France is justly proud of its film industry and even refers to it as "the seventh art". Many French are true "cinephiles" and may go to the movies two or three times a week. Let's build our movie vocabulary and try to have some conversations about movies, which is always a great ice-breaker. actors- comediens actresses-comediennes adventure-adventure animated films- dessins animes best film-meilleur film best screenplay-meilleur scenario Cannes film festival-le festival de Cannes Cesars-the Cesars, France's equivalent of the Oscars crime-policier comedy-comedie director- le metteur en scene (literally-a putter in stage) Golden Palm-La Palme d'Or (award given at Cannes film festival) movie-le film movie theater-le cinema "Et maintenant, le moment que nous attendons tous: le Cesar du meilleur metteur en scene." And now, the moment we have all been waiting for: the Oscar for the best director. There is so much in common between the French and American cultures (though many concentrate on the differences) that it helps us even more to learn French. With the movie vocabulary you have learned above, and if you knew that "maintenant" meant "now", you could easily follow what was being said. Let's try some conversation about the movies: "Avez-vous vu (voo) le dernier (dare nee ay) film de Spike Jones?" Have you seen the last Spike Jones film? "Oui, j'ai beaucoup aime le scenario, mais pas la mise en scene." Yes, I really liked the screenplay, but not the direction. "Est'ce que le film passe en VO ou en VF?" Is the film in the original language version or dubbed into French? (VO stands for Version Originale and VF stands for Version Francaise.) "Heureusement (uhr uz mehn), en VF. Je ne comprends (com prahn) pas Anglais tres bien." Happily, dubbed into French. I don't understand English very well. The first two sentences were in the past tense. If you refer back to Lesson 3, you will see this past tense, the "passee compose". It is the most commonly used tense in conversation. That's a good thing, because it is also the easiest to form. Just take the parts of the verb "avoir", also in Lesson 3, and use it with the past participle to form the past tense. The past participle for each verb is formed a little differently, but if we are using "regular" verbs, the ending remains consistent. "er" verbs- take "er" off the infinitive and add "e" "ir" verbs- take "ir" off the infinitive and add "i" "re" verbs-take the "re" off the infinitive and add "u" Parler(speak)=parle Remplir(fill)=rempli Entendre (hear)=entendu Look at the sentence above "Oui, j'ai beaucoup aime le scenario". The verb "aimer" to like, is an "er" verb, so we took the "er" off, and added "e". That is how it became "j'ai aime le scenario". Of course, since we liked it very much, we had to add "beaucoup" in the middle. (In the case of the "er" verbs, however, both the infinitive and the past participle end up sounding the same, even though they are spelled differently. Both "er" and "e" are pronounced "ay".) Following these examples, try to form some past tenses with "ir" and "re" verbs: "J'ai rempli le verre." I filled the glass. "Il a entendu sa mere." He heard his mother. a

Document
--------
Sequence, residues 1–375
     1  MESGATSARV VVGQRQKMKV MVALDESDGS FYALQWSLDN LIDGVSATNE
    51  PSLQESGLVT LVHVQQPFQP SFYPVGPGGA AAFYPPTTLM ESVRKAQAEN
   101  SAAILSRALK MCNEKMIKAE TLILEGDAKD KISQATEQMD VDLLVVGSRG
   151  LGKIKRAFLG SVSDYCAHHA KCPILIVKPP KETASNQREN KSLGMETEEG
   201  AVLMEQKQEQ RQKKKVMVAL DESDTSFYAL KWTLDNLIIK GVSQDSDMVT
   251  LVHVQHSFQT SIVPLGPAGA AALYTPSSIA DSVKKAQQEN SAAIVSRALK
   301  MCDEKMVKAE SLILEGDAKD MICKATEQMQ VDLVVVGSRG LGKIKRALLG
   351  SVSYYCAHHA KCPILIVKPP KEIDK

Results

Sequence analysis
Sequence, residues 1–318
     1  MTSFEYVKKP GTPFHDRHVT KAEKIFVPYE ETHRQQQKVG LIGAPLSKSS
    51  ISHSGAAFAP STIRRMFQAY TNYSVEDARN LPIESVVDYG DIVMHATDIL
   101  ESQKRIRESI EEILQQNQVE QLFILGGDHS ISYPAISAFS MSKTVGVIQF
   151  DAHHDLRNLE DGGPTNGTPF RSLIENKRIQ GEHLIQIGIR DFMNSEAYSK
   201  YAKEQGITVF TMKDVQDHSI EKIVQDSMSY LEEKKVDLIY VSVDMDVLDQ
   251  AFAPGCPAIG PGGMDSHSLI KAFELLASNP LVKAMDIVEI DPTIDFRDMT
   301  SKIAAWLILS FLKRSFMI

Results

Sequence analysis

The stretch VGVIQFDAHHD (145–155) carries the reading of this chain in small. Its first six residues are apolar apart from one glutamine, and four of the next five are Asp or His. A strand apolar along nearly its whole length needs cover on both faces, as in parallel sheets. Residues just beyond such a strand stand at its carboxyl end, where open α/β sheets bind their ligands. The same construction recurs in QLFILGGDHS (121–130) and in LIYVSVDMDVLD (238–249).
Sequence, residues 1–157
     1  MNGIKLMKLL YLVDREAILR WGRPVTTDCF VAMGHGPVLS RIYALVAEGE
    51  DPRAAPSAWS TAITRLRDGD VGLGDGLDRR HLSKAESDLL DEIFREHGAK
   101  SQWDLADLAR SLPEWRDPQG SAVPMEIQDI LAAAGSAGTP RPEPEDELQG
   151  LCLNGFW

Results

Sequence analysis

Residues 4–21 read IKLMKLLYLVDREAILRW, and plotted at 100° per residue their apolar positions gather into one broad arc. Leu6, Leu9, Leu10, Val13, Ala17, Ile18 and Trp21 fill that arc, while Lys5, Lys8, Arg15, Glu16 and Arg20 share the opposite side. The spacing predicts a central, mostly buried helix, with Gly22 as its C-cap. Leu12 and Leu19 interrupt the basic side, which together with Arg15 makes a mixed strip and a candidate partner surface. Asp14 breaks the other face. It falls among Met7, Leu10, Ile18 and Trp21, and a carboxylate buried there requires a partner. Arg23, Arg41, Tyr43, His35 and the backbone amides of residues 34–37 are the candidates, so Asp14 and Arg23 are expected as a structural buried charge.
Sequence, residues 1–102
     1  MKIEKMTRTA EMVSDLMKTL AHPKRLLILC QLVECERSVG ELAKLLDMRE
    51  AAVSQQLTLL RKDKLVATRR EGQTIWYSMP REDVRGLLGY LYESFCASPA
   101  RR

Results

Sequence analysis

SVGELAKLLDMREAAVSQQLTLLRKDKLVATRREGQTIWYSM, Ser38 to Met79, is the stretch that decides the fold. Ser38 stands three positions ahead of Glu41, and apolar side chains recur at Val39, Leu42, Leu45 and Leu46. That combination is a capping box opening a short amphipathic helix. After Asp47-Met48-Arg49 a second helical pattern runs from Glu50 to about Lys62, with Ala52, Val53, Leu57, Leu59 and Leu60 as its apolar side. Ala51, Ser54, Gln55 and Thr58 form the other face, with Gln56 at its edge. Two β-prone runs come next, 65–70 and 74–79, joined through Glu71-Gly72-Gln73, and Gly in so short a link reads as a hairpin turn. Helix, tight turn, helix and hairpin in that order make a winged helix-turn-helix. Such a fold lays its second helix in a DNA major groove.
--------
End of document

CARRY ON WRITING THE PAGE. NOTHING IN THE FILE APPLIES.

What Did We Learn?
Say in French:
- Actors and Actresses are in movies.
- I like crime movies.
- I have seen (j'ai vu) the latest film by Woody Allen.
- She doesn't understand French very well.
- He and I spoke.
- My mother filled the pitcher (le picher).
- I did not understand the boss (le patron).
- We finished (finir) the work (le travail).
- They listened to the radio (a la radio).
- We spoke to the director, but (mais) he didn't understand us.